The New York attorney general can interview Donald J. Trump and two of his adult children under oath as part of a civil inquiry into his business practices, a judge ruled on Thursday, rejecting the former president’s effort to block the questioning.
The inquiry by the attorney general, Letitia James, and a parallel criminal investigation led by the Manhattan district attorney are examining whether Mr. Trump improperly inflated the value of his assets to receive favorable loans.
Lawyers for the Trump family had sought to prohibit Ms. James, a Democrat, from interviewing Mr. Trump, Donald Trump Jr., and Ivanka Trump. They had argued that she was politically biased against Mr. Trump and was inappropriately using her civil inquiry to aid the district attorney’s criminal investigation, which she is also participating in.
But the judge, Arthur F. Engoron, ruled in favor of Ms. James’s lawyers, who had asked that the former president and the two adult children be interviewed by next month.
The ruling does not mean that Ms. James will automatically receive the answers she is seeking. Mr. Trump and his children can invoke their constitutional right to not incriminate themselves, as Mr. Trump’s other adult son, Eric Trump, did when questioned by the attorney general’s office in October 2020. The Trump family can also appeal the decision.
The judge’s decision followed a fiery virtual hearing in State Supreme Court on Thursday, during which lawyers for Mr. Trump and the attorney general made their cases. Several times, Mr. Trump’s lawyers became so heated that Judge Engoron and his law clerk had to call for a timeout — raising their hands in the shape of a “T,” a gesture more often seen at a sporting event than in a courtroom.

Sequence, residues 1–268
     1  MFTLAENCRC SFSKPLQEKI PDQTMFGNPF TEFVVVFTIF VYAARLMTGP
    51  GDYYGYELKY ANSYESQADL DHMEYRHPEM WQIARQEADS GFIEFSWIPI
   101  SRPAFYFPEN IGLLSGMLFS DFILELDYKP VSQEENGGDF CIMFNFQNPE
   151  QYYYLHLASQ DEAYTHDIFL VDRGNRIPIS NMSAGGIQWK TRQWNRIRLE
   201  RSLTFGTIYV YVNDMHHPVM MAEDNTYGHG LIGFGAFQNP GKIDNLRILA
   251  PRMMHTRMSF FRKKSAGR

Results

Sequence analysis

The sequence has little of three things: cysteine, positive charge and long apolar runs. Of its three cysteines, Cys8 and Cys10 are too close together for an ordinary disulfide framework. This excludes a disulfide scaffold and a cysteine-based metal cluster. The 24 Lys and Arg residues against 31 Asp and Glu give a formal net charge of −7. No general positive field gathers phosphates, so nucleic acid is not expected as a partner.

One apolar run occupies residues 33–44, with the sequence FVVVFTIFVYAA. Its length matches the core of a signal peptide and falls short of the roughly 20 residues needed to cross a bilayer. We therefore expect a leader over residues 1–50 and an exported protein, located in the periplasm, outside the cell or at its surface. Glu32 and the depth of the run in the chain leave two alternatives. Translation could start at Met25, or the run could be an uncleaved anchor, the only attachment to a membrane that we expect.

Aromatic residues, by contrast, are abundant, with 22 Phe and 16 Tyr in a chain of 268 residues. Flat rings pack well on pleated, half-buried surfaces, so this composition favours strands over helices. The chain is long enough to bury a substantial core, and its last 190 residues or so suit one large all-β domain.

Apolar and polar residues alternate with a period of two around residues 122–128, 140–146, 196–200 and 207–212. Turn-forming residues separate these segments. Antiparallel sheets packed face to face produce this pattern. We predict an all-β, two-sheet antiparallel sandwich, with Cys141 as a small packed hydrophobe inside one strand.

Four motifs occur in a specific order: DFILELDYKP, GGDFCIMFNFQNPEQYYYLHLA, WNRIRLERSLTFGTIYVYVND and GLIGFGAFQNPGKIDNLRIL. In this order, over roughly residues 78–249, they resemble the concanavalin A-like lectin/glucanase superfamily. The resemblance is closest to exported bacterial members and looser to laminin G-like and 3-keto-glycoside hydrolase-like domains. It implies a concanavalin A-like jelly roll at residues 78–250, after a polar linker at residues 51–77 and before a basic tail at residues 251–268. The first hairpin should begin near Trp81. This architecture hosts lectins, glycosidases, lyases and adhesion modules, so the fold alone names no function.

Although Ms. James had signaled in court papers that she had amassed significant evidence against Mr. Trump’s family business — she has accused the Trump Organization of engaging in “fraudulent or misleading” practices — she has said that she needs to question Mr. Trump and his children before determining her next move.
Mr. Trump and his children sought to block the questioning, and Ms. James responded in a court filing last month, arguing that there was “heightened need” for testimony from the three family members. She said that by questioning them, she would be able to determine who was responsible for the misstatements and omissions that the organization made in its financial documents.
Because Ms. James’s inquiry is civil, she cannot bring criminal charges. If she finds evidence of criminal wrongdoing, she can file a lawsuit against Mr. Trump, his organization or others involved in the business. In last month’s filing, Ms. James said that her lawyers had not yet reached a final decision on a lawsuit but argued that “the grounds for conducting the investigation are beyond reproach.”